Neuroprotection and immunomodulation of progesterone in the gut of a mouse model of Parkinson's disease.J Neuroendocrinol 2019; :e12782JN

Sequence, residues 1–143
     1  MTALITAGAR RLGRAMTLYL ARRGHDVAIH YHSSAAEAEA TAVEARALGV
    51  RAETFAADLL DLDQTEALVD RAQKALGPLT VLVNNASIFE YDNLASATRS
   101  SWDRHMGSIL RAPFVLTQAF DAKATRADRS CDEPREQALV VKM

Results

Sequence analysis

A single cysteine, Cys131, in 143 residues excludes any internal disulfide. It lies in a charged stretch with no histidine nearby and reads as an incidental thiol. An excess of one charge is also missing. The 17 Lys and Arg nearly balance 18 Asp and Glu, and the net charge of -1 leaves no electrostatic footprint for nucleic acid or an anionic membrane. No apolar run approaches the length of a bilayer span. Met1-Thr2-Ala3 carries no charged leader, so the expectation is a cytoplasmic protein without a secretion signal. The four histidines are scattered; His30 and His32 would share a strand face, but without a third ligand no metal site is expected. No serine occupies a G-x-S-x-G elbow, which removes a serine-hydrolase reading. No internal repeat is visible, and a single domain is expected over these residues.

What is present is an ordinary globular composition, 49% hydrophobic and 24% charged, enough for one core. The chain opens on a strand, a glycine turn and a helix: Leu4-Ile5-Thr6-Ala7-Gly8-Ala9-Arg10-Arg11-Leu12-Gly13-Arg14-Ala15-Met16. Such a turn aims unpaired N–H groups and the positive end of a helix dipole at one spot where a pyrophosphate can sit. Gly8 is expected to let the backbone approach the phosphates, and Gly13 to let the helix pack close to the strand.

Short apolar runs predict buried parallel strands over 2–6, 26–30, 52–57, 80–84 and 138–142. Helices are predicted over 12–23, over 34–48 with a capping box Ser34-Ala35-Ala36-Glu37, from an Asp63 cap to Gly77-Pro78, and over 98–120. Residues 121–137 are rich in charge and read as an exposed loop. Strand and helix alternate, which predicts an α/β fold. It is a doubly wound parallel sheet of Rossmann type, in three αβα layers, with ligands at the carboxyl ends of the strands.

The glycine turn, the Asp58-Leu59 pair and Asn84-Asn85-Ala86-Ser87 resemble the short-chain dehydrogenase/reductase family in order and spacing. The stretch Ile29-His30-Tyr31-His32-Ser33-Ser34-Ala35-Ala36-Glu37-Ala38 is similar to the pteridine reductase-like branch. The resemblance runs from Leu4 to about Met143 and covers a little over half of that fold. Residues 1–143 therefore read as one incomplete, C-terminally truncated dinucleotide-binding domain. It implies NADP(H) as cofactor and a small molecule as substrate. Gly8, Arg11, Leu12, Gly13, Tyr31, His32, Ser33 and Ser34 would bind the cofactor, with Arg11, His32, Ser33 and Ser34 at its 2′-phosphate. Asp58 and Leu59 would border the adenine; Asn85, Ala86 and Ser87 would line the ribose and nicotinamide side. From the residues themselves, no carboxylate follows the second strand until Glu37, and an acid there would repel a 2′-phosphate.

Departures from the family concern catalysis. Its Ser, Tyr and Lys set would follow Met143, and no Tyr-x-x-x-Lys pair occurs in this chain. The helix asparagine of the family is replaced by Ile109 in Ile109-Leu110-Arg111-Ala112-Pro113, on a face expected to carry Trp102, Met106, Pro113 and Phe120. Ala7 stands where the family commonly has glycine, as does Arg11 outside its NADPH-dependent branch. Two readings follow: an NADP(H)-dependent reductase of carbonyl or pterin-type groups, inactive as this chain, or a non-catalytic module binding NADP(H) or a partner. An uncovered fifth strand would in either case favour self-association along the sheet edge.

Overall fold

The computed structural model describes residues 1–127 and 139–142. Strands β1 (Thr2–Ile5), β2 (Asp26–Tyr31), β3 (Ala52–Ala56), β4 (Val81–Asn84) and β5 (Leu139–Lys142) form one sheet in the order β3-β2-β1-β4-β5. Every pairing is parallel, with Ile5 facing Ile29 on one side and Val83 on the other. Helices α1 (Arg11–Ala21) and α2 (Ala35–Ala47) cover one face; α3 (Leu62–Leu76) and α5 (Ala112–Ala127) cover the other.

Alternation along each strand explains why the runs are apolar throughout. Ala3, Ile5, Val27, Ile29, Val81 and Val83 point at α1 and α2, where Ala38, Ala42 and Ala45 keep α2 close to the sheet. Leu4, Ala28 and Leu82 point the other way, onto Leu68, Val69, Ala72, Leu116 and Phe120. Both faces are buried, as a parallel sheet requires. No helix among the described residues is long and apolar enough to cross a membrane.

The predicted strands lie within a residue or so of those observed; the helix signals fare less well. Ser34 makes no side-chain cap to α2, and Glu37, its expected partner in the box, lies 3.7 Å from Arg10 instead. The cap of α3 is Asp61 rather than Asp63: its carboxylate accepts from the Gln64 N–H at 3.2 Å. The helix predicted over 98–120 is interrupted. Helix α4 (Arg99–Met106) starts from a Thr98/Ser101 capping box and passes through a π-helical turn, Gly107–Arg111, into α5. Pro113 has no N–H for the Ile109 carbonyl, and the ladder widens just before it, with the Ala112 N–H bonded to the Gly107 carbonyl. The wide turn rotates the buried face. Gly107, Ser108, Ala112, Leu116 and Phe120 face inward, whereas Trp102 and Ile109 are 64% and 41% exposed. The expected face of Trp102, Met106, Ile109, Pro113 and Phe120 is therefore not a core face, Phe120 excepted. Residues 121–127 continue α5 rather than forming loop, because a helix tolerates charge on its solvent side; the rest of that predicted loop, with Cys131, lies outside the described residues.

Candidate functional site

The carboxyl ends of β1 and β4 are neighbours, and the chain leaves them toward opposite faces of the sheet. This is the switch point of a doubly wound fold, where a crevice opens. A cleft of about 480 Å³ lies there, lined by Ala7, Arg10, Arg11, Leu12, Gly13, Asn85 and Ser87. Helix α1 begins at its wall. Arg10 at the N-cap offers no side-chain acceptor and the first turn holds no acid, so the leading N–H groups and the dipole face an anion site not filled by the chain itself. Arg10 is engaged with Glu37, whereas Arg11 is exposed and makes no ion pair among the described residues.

Gastrointestinal symptoms appear in Parkinson's disease patients many years before motor symptoms, suggesting the implication of dopaminergic neurones of the gut myenteric plexus. Inflammation is also known to be increased in PD. We previously reported neuroprotection with progesterone in the brain of mice lesioned with 1-methyl-4-phenyl-1,2,3,6-tetrahydropyridine (MPTP) and hypothesised that it also has neuroprotective and immunomodulatory activities in the gut. To test this hypothesis, we investigated progesterone administered to adult male C57BL/6 mice for 10 days and treated with MPTP on day 5. In an additional experiment, progesterone was administered for 5 days following MPTP treatment. Ilea were collected on day 10 of treatment and microdissected to isolate the myenteric plexus. Dopaminergic neurones were reduced by approximately 60% and pro-inflammatory macrophages were increased by approximately 50% in MPTP mice compared to intact controls. These changes were completely prevented by progesterone administered before and after MPTP treatment and were normalised by 8 mg kg-1 progesterone administered after MPTP. In the brain of MPTP mice, brain-derived neurotrophic peptide (BDNF) and glial fibrillary acidic protein (GFAP) were associated with progesterone neuroprotection. In the myenteric plexus, increased BDNF levels compared to controls were measured in MPTP mice treated with 8 mg kg-1 progesterone started post MPTP, whereas GFAP levels remained unchanged. In conclusion, the results obtained in the present study show neuroprotective and anti-inflammatory effects of progesterone in the myenteric plexus of MPTP mice that are similar to our previous findings in the brain. Progesterone is non-feminising and could be used for both men and women in the pre-symptomatic stages of the disease.